IT and business technology professionals in financial services should use the increasingly intrusive compliance demands of governments and regulators to tackle age old data management problems.
The insurance industry, for example, is facing Solvency II, a fundamental review of the capital adequacy regime for the European insurance industry.
The aim is to establish a revised set of EU-wide capital requirements and risk management standards that will replace the current solvency requirements. Rather than chafe against the regulations that will result, perhaps we should welcome them.
The new regulations should sound the death knell for spreadsheet sprawl, inaccurate, duplicate and poorly integrated data. After all, as many IT professionals have long realised data is a key strategic asset and it should be supervised and invested in accordingly. It seems this view is now shared by the regulator as the FSA’s Head of Insurance, Julian Adams made plain at the FSAs recent Solvency II conference:
"Solvency II will bring about very significant changes to the reporting regime for all firms, whether they are using a model or not. From a regulatory perspective this is a considerable enhancement in the quality of the data we will receive, and in the way it is submitted to us and shared amongst supervisors across Europe."
The above quote demonstrates the change in approach we are seeing from the FSA. High quality data is important to capital adequacy compliance because a capital model, even a sophisticated one, is only as good as the data it analyses. This situation isn’t just an insurance issue; banks, too, must ensure they are feeding capital models with accurate data. However, the regulatory approach has changed since Basel II came into force for banks.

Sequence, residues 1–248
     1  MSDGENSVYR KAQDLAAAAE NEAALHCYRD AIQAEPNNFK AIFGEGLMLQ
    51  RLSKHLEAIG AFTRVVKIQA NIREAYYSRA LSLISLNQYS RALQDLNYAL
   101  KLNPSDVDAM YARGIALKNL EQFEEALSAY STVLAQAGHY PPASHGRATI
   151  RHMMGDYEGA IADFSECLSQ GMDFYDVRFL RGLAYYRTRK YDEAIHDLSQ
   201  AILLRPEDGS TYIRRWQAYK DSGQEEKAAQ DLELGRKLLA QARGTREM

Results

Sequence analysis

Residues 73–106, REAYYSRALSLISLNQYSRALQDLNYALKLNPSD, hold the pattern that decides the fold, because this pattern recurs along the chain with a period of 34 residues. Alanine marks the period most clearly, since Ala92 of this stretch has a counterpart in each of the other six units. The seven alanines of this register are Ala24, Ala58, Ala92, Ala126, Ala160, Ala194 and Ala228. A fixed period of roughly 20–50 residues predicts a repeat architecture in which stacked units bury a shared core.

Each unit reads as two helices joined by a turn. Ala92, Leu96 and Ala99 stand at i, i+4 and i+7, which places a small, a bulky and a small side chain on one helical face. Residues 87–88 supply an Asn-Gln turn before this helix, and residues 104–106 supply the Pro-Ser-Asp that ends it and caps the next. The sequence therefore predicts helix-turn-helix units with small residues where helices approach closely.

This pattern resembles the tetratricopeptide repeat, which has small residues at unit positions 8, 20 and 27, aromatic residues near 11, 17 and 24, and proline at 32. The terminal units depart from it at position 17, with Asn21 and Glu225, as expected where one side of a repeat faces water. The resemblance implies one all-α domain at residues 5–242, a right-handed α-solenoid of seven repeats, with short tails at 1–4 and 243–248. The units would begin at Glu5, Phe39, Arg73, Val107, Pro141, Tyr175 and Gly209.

Within many of the FSA’s communications about Solvency II they have made it plainly clear that not only will they inspect the results of model calculations and the way the model is designed but they require evidence of data governance - that is, how data has arrived into the model and how the insurer can prove that data is validated.
Take for example the first FSA analysis of UK insurers’ internal capital adequacy models. The IMAP Thematic Review published in February this year states “We witnessed little challenge or discussion on data quality at board level. We expect issues and reporting on data governance to find a regular place within board and committee discussions. Firms need to ensure that adequate and up-to-date quality management information is produced. It is important that the board has the necessary skills to ask probing questions.”
As a veteran of the data management industry, I have witnessed organisations across different sectors grapple with the challenge of ensuring high quality business data, but never before have I seen such a direct regulatory mandate for board level supervision of data. This is an opportunity, not a threat. Data and IT professionals within insurance companies have been presented with the foundation for a business case to tackle the long-term data problems the industry has faced. Data is now a boardroom issue and that necessitates investment, KPIs and ongoing governance.